Older LTSS recipients with cardiopulmonary conditions at increased risk of hospitalization
Janet H. Van Cleave, Ph.D., RN
Assisted living residents and other older adults who receive long-term services and supports and live with a combination of heart and lung conditions have an elevated risk of hospitalization, according to a new study published in the journal Nursing Research.
Janet H. Van Cleave, Ph.D., RN, and colleagues also found that those with cardiopulmonary conditions are more likely to be male, black and reside in nursing homes. And
Medicaid beneficiaries were overrepresented among those likely to have cardiac and pulmonary conditions compared with those who were likely to have cerebrovascular disease/paralysis conditions or other conditions.
“Ultimately, new care management strategies are needed to meet the desires and needs of persons living with multiple chronic conditions that limit their capacity for self-care,” said Van Cleave, an assistant professor New York University Rory Meyers College of Nursing.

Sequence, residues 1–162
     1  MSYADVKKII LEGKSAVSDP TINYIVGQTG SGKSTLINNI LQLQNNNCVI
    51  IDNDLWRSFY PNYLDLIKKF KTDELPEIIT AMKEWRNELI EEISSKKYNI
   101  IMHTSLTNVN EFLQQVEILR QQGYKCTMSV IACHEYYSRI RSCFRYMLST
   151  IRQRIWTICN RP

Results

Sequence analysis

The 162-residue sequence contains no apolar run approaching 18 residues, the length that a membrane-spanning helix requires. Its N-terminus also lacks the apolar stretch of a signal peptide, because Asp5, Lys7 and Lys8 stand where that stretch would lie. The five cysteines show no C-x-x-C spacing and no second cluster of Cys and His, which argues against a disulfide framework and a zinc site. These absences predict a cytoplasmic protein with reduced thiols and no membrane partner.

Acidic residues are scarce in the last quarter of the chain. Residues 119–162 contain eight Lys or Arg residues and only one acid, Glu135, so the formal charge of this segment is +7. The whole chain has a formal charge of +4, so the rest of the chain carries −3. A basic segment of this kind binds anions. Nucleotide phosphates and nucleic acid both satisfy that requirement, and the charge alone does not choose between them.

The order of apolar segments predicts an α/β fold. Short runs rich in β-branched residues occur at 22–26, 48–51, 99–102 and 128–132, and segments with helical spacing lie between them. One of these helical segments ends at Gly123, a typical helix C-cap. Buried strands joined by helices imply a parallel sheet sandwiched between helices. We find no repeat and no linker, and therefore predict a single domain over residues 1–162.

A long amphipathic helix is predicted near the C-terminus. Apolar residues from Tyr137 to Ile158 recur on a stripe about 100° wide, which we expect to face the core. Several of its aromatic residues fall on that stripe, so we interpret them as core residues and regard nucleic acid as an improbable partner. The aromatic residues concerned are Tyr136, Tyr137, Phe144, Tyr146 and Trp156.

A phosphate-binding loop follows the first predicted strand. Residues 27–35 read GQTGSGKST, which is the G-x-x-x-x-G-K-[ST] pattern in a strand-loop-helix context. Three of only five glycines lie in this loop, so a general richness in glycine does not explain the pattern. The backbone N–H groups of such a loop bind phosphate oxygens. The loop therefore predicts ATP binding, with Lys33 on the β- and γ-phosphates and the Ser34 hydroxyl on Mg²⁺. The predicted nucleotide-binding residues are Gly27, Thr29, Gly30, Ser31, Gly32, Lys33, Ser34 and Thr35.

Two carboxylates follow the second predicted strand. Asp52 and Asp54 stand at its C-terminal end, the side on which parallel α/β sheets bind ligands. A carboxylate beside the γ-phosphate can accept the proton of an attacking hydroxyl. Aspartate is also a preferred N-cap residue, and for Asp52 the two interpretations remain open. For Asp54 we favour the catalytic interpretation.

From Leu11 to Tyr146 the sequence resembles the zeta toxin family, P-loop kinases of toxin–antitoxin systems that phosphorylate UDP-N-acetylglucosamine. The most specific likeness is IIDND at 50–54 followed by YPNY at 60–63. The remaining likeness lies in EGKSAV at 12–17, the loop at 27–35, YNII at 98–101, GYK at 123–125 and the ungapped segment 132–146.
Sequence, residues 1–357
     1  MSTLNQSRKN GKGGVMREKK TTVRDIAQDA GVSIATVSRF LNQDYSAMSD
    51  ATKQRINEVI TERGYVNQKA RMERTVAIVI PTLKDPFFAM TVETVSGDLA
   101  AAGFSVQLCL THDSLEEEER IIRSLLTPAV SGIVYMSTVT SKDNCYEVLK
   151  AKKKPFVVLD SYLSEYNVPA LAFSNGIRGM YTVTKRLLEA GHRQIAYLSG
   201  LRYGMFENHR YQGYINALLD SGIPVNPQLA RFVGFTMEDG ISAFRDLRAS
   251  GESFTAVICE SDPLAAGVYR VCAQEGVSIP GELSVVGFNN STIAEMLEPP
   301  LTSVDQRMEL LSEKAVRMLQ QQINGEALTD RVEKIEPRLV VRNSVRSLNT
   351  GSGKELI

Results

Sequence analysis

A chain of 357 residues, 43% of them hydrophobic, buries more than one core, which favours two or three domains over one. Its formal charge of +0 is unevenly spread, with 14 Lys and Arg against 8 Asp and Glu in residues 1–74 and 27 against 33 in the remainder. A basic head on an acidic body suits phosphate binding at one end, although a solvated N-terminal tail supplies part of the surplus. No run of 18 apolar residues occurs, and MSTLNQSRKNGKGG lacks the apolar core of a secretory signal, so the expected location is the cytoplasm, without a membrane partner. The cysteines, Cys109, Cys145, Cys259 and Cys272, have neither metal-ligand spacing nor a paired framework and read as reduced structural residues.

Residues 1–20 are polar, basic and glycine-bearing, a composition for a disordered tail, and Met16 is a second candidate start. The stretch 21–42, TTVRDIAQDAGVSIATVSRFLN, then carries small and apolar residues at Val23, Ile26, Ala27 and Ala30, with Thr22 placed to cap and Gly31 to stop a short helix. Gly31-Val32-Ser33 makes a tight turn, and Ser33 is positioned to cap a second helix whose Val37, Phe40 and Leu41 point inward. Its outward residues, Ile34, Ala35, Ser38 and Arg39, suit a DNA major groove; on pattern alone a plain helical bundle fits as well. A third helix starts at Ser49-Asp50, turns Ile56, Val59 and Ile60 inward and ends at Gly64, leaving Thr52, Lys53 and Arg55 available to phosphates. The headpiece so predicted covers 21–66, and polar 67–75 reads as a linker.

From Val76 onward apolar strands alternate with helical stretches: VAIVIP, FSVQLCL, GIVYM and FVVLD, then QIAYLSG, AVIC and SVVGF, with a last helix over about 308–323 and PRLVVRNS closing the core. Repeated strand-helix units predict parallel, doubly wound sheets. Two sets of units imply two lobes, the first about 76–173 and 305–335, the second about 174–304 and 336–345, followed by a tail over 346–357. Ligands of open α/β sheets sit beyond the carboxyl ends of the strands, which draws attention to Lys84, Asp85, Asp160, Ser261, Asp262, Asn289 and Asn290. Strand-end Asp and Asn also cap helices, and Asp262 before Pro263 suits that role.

Such strategies, the researchers said, include the use of sophisticated analyses, such as latent class analysis, to help identify and intervene early in populations at risk for hospitalization. Additional interventions, such as the prevention or management of polypharmacy as well as transitional care from hospital to residence within services provided by medical homes, need more study, they said.
Many of the 12 million older adults receiving LTSS live with multiple chronic conditions, according to Van Cleave and her co-authors. They are at risk for hospitalizations that can have serious consequences, such as falls and decline in function they added.
The investigators reached their conclusions after analyzing existing data from a study entitled “Health-related Quality of Life: Elders in Long-Term Care,” which was funded by the National Institute on Aging and the National Institute of Nursing Research. In addition to NYU, researchers were from the Fox Chase Cancer Center in Philadelphia; Miami University in Oxford, OH; the University of Pennsylvania School of Nursing in Philadelphia; and the Hospital of the University of Pennsylvania in Philadelphia.